About 65% of companies have either a negative or neutral view of the ability of IT and business managers to work together in supporting corporate goals and objectives, the research firm says.
It's not that companies aren't aware of the problem, says Jamie McCleary, a consultant for People3, the consulting unit of Gartner. "We're way past the point where IT is just a cost center," McCleary says. "People understand the competitive leverage they can get from a great IT function."
But the economic slump has directed funds toward projects that can increase sales or cut costs in time for the next earnings statement. Working on a tighter alignment between IT and business units tends to take a back seat.
"Given the budgetary restraints, people are saying, 'We should do it, I know we need to do it, we just can't do it right now,'" McCleary says.
But there are some simple and inexpensive steps companies can take. For example, they can take time to figure out the role IT should play within a marketing or sales campaign. A company can hire IT staff with a basic understanding of the business or educate staffers.
"We're not asking IT to be cross-functionally competent in everything," McCleary says. "But they should at least have an understanding of the business objectives."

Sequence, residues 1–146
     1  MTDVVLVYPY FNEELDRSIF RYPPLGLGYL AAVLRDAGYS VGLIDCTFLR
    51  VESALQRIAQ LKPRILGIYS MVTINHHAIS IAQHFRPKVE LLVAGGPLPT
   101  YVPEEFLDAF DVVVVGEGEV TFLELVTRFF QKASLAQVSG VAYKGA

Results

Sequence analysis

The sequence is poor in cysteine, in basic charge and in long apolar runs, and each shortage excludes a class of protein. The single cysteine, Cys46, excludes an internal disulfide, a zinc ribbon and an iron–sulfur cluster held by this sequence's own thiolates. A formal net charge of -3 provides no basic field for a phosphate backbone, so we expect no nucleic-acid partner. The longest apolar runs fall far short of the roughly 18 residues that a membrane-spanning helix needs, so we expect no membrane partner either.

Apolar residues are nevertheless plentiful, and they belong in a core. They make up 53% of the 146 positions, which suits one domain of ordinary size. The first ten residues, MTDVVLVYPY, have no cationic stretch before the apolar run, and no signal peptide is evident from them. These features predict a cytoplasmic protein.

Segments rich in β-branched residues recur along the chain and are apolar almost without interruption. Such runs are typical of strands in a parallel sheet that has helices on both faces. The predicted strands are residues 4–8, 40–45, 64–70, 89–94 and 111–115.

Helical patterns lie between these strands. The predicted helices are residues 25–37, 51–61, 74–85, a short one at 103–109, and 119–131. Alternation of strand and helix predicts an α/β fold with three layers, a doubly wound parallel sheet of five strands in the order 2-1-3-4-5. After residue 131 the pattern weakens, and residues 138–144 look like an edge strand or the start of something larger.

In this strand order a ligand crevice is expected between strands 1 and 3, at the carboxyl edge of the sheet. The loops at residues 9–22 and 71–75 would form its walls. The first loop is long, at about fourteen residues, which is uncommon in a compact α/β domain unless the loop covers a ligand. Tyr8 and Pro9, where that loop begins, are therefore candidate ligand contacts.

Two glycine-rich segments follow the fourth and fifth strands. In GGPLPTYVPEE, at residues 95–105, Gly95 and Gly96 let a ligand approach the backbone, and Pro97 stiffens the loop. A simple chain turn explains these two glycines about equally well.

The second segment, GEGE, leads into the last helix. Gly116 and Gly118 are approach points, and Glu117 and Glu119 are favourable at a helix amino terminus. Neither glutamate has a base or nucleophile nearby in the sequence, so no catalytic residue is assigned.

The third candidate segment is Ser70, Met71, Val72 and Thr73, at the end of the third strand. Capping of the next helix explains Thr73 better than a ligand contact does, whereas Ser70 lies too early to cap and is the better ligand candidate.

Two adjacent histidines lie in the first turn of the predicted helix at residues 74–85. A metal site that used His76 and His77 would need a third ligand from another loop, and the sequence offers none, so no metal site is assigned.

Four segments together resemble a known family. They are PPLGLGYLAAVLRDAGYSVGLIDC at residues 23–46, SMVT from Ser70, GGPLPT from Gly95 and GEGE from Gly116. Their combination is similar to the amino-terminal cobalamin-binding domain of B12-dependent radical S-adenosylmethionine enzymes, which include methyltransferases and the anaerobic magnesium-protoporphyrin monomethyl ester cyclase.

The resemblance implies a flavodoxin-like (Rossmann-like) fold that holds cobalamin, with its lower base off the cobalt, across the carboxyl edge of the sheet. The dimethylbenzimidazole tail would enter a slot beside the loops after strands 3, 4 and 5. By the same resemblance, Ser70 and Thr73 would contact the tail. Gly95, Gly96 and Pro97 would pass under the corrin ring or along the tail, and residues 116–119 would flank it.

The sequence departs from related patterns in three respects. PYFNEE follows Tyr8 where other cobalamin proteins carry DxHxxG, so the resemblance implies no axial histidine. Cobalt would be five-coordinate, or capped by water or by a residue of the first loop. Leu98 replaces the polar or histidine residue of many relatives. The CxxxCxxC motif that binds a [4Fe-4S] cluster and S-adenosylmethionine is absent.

For example, if sales and Web designers are working on a project, the designers have to understand marketing techniques that are effective in generating leads. "They shouldn't be asked to be tactical experts, but they need to provide feedback, from a technical perspective, that can help in what's trying to be achieved," McCleary says.
As many companies are learning, IT can no longer focus solely on processing transactions, such as orders over the Web or through system-to-system technologies, such as EDI or XML. "The requirement now is they have to move up the business chain and become strategic partners," McCleary says.
The Gartner report also recommends that companies develop, either through recruitment or training, IT staff with "behavioral competencies." This means IT staff needs to develop skills similar to technicians working for consulting firms. In-house staff should have a customer-service orientation and strong communication skills.
A study released last year by MIT's Sloan School of Management drew similar conclusions. That study found that while IT can improve a company's productivity, the real gains came from combining IT investments with "organizational capital," which was defined as the investments companies make in corporate culture and organizational practices.
Companies that invested in both IT and organizational capital were more productive, the MIT study found, and had much larger market capitalization than those that didn't.